Completed in 1911, Tacoma’s copper-domed Union Station (Pacific Ave., 8 a.m.–5 p.m. Mon.–Fri., closed weekends, free) was designed by the same firm that built New York’s Grand Central Station and has a similar sense of grandeur. The depot originally served as the terminus of the Northern Pacific’s rail line and was later used by the Great Northern and Union Pacific railroads before falling into disuse.
A massive restoration in 1989 transformed the distinctively domed building into a federal courthouse for all of western Washington. Today, the works of the renowned Tacoma-born glass artist Dale Chihuly fills its magnificent central space. An 18-foot cobalt-blue chandelier hangs from the high center, and many other pieces provide bright accents.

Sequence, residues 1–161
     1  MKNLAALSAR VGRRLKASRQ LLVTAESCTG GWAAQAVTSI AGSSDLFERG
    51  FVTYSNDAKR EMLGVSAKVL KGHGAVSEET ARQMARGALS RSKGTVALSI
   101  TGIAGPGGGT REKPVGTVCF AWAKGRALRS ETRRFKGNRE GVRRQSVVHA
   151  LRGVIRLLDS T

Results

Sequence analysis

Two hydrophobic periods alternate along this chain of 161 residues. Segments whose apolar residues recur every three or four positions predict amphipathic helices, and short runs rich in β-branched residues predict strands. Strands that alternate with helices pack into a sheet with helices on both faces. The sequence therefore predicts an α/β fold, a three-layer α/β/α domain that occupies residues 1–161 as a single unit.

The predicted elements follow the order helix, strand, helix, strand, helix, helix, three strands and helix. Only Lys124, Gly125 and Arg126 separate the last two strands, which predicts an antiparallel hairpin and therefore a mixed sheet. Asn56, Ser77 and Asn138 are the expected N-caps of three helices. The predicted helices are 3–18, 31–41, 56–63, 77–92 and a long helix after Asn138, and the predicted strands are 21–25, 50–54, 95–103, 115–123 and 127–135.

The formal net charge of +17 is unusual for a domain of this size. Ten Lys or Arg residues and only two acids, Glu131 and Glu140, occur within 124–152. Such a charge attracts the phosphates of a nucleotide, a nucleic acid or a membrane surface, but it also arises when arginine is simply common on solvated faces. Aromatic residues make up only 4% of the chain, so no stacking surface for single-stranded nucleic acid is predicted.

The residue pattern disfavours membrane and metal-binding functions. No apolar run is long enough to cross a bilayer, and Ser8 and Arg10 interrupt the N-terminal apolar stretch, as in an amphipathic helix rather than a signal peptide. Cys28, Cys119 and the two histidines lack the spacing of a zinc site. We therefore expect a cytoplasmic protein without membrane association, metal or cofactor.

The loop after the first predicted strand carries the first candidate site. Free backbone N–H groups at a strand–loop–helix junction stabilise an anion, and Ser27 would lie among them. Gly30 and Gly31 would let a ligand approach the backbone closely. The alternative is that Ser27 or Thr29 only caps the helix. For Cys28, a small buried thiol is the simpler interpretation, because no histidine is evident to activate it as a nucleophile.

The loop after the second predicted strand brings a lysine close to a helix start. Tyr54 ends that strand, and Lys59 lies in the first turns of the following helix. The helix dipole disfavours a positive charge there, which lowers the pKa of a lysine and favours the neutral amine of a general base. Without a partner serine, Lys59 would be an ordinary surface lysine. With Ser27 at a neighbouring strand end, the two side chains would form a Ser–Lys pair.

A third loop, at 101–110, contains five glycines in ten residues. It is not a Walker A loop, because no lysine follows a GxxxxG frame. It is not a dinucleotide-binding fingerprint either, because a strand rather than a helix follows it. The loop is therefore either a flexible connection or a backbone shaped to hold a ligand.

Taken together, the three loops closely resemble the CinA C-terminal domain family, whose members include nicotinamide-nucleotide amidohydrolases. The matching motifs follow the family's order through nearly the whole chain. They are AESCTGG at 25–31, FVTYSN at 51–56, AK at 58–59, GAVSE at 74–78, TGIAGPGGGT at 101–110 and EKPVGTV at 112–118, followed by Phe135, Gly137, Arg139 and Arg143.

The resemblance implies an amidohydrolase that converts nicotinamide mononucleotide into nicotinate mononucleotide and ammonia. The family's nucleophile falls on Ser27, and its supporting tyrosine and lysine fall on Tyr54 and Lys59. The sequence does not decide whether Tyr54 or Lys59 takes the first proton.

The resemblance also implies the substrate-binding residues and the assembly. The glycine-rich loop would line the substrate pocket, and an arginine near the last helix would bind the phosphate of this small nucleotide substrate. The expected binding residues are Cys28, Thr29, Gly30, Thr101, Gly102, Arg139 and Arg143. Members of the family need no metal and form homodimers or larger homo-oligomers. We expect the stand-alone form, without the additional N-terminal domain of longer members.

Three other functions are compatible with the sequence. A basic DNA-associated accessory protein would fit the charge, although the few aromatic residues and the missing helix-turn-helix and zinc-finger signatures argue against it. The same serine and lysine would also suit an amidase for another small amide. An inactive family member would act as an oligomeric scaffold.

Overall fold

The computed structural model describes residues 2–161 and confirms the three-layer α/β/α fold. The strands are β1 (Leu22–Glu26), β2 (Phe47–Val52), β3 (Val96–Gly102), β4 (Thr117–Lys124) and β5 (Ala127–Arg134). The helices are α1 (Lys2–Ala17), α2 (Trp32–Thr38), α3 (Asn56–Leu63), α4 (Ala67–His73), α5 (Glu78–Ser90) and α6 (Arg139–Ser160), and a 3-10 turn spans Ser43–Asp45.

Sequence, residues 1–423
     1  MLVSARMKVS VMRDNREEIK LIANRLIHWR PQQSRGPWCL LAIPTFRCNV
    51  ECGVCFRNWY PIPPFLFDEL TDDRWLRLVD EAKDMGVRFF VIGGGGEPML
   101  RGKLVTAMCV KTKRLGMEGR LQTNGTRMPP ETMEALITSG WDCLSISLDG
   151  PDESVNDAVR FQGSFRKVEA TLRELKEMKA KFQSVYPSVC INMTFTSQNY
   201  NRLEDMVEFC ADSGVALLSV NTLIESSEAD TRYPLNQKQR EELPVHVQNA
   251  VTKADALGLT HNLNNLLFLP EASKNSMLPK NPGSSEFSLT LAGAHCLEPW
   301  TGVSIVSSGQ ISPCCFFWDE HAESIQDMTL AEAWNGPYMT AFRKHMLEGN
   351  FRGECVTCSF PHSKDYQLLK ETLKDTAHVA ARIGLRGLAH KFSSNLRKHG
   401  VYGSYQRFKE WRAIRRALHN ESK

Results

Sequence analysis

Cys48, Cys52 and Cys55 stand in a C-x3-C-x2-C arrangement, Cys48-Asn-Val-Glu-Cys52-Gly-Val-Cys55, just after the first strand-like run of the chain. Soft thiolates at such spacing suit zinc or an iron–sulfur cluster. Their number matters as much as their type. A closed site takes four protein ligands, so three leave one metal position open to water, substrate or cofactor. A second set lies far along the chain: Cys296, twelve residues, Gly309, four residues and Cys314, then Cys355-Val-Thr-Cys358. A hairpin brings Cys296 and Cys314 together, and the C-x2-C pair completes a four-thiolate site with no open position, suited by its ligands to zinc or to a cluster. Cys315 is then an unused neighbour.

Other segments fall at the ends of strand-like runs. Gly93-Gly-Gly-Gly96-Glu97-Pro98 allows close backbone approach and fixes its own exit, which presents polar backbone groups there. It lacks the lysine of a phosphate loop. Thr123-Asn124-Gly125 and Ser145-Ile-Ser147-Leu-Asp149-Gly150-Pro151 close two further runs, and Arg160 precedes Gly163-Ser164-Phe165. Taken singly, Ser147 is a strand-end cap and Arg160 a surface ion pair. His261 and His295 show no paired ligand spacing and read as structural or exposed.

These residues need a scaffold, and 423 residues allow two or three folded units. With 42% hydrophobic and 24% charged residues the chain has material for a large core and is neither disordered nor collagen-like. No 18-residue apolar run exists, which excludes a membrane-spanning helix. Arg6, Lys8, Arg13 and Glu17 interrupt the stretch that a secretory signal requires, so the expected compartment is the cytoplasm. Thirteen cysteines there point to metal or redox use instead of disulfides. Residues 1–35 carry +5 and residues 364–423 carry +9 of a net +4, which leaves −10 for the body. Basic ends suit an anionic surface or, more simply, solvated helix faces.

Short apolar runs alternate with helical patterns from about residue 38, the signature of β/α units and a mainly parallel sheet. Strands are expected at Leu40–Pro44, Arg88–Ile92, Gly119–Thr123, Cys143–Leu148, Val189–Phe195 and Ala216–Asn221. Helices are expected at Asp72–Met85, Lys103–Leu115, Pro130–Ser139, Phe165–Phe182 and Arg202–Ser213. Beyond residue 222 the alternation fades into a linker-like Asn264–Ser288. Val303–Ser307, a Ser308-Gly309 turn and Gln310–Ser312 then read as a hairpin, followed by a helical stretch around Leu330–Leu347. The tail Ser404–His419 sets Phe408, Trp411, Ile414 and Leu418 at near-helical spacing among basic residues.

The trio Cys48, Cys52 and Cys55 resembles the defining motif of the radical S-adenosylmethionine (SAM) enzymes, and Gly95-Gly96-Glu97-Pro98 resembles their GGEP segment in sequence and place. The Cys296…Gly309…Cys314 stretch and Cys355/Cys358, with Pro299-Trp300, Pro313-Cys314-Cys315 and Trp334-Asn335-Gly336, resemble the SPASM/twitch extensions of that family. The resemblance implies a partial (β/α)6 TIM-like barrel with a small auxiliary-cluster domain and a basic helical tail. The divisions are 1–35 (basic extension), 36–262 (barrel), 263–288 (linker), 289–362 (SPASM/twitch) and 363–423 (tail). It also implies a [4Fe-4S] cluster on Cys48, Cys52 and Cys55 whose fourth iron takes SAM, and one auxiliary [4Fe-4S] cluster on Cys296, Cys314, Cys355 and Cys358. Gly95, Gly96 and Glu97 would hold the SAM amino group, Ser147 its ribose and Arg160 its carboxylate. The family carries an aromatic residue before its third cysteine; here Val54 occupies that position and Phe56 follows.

Old City Hall (S. 7th St. and Pacific Ave.) is another distinctive downtown building, patterned after an Italian town hall. Its dominant feature is a tall freestanding clock tower. Built in 1905, it is now used for commercial offices. A campus of the University of Washington spreads through 22 restored historic downtown buildings.
© Ericka Chickowski from Moon Washington, 8th edition